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To simply say that the Great Salmon Run was difficult would be the same as saying that a category 5 hurricane feels breezy.  I am writing a couple of different reports on this trip and I think the combination of the reports will get closer to painting the entire picture from various angles, here I’m mostly just going to write what comes to mind as I chronologically illustrate what went down.

As I said in my previous blog post I have been looking forward to running down the Middle Fork of the Salmon River for quite some time.  When the time finally came to leave my house on Thursday afternoon, I felt a little nervous.  This trip had a lot of “unknowns” and all I could do was hope they would all come together without too much difficulty.  Ty Draney, Handsome Matt Irving, and I made the drive to Stanley on Thursday, ate at The Bridge in Stanley and headed to the Boundary Creek Put-in.  The campground was all torn up so we drove right to the launch area, hopped out of the truck and quickly changed into running clothes to try to catch some of the fleeting light.  Handsome Matt had come to try to document the beginning and end of the trip and we wanted to make his efforts worthwhile.  The light was pretty flat, so we went back to the truck, threw our sleeping bags on the ground and spent some time covering logistics and making sure we all had an idea of the route. We then went out and got a few more pics before heading to bed.

Me running early..fast! Photo Ty Draney

We woke around 6:00 am and finally got out of our bags about 6:45.  It was pretty cold (weather showed it was 25 in Stanley) and Ty and I got antsy to get moving.  We planned on taking some more pics but a huge day pushed us out before the light got very good (sorry Matt).  The first miles felt pretty good, we were fresh, the trail was dusty but smooth.  All in all things went really well all morning.  It did seem that it was taking longer to get to the mile notes I had put on the map, but they correlated to river miles and not trail miles, we figured we were covering extra mileage but not sure how much.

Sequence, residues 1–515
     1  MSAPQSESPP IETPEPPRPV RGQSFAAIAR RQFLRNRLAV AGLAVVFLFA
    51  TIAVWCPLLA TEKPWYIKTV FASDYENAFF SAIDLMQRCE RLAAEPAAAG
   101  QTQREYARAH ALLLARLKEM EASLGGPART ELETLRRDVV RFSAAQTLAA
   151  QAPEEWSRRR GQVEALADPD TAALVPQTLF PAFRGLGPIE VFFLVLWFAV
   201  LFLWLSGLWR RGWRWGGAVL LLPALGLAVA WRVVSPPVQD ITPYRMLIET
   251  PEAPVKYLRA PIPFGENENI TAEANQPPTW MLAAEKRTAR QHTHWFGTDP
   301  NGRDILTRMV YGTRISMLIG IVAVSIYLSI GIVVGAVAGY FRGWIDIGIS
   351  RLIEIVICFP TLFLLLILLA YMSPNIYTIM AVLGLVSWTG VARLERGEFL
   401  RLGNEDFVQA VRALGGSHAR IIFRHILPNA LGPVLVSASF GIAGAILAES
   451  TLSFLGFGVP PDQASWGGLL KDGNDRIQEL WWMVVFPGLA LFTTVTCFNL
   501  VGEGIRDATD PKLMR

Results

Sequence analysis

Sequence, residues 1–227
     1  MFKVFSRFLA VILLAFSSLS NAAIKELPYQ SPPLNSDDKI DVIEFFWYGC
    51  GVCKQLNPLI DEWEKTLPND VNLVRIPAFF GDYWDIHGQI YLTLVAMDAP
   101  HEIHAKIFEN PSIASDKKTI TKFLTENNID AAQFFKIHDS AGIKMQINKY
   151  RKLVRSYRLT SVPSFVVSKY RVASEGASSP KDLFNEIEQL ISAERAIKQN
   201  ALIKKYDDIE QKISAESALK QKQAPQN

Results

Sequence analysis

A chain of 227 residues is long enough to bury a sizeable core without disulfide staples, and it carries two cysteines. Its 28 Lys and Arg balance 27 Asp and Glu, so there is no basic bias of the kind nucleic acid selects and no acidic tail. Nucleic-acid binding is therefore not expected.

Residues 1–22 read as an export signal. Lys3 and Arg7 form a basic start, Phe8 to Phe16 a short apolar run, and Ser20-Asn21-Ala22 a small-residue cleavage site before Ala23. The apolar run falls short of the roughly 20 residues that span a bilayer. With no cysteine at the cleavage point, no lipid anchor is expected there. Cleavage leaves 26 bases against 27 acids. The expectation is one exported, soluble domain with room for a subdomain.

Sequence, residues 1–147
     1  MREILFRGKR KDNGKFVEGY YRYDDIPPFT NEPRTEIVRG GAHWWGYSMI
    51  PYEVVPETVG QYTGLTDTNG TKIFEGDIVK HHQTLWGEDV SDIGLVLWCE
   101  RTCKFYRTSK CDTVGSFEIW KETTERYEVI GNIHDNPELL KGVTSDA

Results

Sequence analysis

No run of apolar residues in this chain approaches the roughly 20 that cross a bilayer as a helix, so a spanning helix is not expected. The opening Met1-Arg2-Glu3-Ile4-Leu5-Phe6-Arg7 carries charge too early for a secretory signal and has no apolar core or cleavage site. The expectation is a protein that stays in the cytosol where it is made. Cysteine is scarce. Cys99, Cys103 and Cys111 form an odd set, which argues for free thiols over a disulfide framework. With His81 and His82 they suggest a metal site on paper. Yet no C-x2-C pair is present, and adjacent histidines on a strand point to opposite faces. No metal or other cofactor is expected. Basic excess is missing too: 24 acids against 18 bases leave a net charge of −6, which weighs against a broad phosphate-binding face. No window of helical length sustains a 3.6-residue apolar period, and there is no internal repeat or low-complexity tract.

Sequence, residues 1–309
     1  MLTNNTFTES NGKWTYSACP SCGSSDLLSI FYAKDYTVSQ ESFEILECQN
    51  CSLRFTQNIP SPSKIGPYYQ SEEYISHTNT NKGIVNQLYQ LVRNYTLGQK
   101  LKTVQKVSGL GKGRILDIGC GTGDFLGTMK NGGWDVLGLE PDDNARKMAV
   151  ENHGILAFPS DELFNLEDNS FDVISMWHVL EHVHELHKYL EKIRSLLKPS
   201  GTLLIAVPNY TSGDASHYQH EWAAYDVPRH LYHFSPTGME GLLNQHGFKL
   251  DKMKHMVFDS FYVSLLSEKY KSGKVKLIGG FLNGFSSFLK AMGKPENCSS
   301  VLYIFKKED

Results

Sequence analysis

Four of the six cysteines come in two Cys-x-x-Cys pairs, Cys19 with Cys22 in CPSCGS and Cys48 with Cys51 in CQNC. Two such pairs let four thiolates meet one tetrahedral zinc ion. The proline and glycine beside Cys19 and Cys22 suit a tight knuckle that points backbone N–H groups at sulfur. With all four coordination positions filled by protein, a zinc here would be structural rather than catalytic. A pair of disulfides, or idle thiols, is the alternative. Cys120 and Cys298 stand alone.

We bummed cokes off of some very friendly rafters that were putting in at Indian Creek (river mile 28) and got moving again. We cruised in to the Middle Fork Lodge around 2:00 pm and headed in to thank them for supporting us and Save Our Wild Salmon.  It took a bit to find the workers, but they were friendly and supportive.  After the Lodge it got really hot, both Ty and I were drinking a 16oz bottle every 20 minutes or so, and we felt like we were still getting behind.  This slowed our progress some, and it soon became evident that we were not going to make it to the Flying B in time for dinner.  Headlamps came on around mile 53, and we pressed on shooting for Camas Creek (60) to sleep.

Ty cruising some awesome Middle Fork singletrack Photo Luke Nelson

We got to Camas about 10:00 and found a small group of 3 rafters who had just gone to bed.  Irwin, one of the rafters, introduced us to his friends, let us sit by the fire and even gave us some hotdogs and muffins.  It was awesome.  We were able to dry our socks over the fire, eat the best hot dog I had ever had and sleep about 5 hours on the soft sand.  I have to mention here that our “bivy” consisted of Patagonia Ultralight down hoodies, and Speedwork tights.  I had thrown in a SOS reflective blanket just in case which was nice to lay on adding a little warmth.  We got up just after 3:00 am and before 3:30 we were moving again.